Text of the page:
Getting famous: I went to quite a few music related things when I was in London and one thing interesting I noticed, is there doesn’t seem to be the same kind of fame hunger you see in America. I went to a pub and heard one of the best live performances I’ve ever heard, in a pub holding less than 25 people. The band has an excellent website but no CDs or songs for sale, and while they have some cool music videos, there is no other way to hear their work other than go and listen to them live. They seem to not really care about grabbing the mass appeal. For them it’s just about having fun, getting some free beer and playing music they like on the weekend in the local pubs. Hey, maybe I’m projecting a little but consistently I get that vibe in a lot of the music things I see. Even small indie bands I see in America seem to want to push beyond that. They may not want to be the next Lady Gaga but they do want to be the next Animal Collective or Weezer. The London attitude is probably more common in music saturated areas of America like Brooklyn or Austin, but for the vast majority of bands being started in the middle of the American vastness, there’s always this hope of “making it big” and “getting out of this town”.
Alcohol: I would go to the pub once a week with people I had met at church. That right there demonstrates one of the big differences between the two attitudes on alcohol. Also public drinking is okay as long as you don’t cause a ruckus. Which is kind of nice. Just wandering around the city sharing swigs with a friend.
“Geeky” conversation: Geeky conversation isn’t just conversation about Star Wars or computers. It’s any conversation which shows a hyper focus or interest in a niche topic. It’s a conversation where there is a degree of thought involved in the topic. I found these to be normal in Britain, on any range of subjects. It has been noted before that unfortunately there is a kind of anti-intellectual thread that runs through American culture, for good or for ill. You can’t act like you care too much or know too much about a subject. The classic American cool is The Fonz. This is not true in Britain, which was awesome because I prefer geeky conversations, even on topics I care nothing about. I like talking to people who seem invested and knowledgeable about the topic they’re discussing. I think this drive to talk about things is very similar to the willingness to fully participate in eccentric sub-cultures. Being a geek of whatever kind makes you stand out in America and standing out is not wanted. (once again this may be due to having a much more diverse culture. People in a diverse setting have greater trouble identifying with others and standing out from the crowd is not helpful)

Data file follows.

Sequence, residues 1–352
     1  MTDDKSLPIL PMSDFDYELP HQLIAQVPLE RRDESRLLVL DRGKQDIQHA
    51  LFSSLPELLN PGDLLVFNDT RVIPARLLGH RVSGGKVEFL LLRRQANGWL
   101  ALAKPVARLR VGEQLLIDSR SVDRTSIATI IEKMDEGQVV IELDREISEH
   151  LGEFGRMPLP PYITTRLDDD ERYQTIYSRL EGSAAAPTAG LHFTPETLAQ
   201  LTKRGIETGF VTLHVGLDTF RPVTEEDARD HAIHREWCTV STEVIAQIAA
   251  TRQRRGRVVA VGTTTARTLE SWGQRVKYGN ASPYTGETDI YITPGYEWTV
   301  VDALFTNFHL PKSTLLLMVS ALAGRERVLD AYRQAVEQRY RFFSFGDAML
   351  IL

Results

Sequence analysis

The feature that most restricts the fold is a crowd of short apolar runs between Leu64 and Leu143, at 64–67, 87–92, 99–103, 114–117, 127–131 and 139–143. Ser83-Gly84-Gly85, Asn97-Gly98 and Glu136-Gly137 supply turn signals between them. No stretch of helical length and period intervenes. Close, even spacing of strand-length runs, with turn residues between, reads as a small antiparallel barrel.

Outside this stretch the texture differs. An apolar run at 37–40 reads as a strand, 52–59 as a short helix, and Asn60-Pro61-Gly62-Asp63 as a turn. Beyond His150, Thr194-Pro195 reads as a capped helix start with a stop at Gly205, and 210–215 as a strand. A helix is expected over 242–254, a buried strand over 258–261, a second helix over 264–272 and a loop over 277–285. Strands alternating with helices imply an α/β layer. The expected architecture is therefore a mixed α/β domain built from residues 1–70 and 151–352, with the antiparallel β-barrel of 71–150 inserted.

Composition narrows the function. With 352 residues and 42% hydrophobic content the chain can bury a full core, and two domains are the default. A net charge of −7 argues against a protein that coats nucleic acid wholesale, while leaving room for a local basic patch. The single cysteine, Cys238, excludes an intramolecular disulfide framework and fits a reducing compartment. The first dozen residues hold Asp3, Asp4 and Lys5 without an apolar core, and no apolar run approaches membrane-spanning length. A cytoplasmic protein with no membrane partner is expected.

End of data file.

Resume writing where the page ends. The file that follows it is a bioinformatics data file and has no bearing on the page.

Weather: Better than Boston but apparently there was a drought so maybe that’s why.
There is Art Everywhere: Now if I went to New York or LA or Austin I might also see this level of art, but its’ really apparent in London. Just walking around I saw post production studios for film, design studios, and weird networking art education shops that pretended to be haunted houses. All the shops have designed aesthetics and themes, and people seem more fashion conscious in general. This might be something you’d find in someplace like New York also, but in London, it’s all compressed into one tiny space. Boston has some of this, but only in it’s downtown. And all these design studios are 20 stories up in some anonymous skyscraper while in London it’s all on the ground level where you can see it.
Hey so life is getting back to some kind of normalacy and I’ve got lots of posts in the hopper to come soon. For now I’ll leave you with a mini post.
Here is a list of some of my favorite words. I’ve been making notes on this list for about 6 months and I’m sure it will continue to grow.
crusty gutter punk
What are some of your favorite words?
Additions from readers:
Endeavor ( cherniychort)
Everyone must leave something behind when he dies, my grandfather said. A child or a book or a painting or a house or a wall built or a pair of shoes made. Or a garden planted. Something your hand touched some way so your soul has somewhere to go when you die, and when people look at that tree or that flower you planted, you’re there.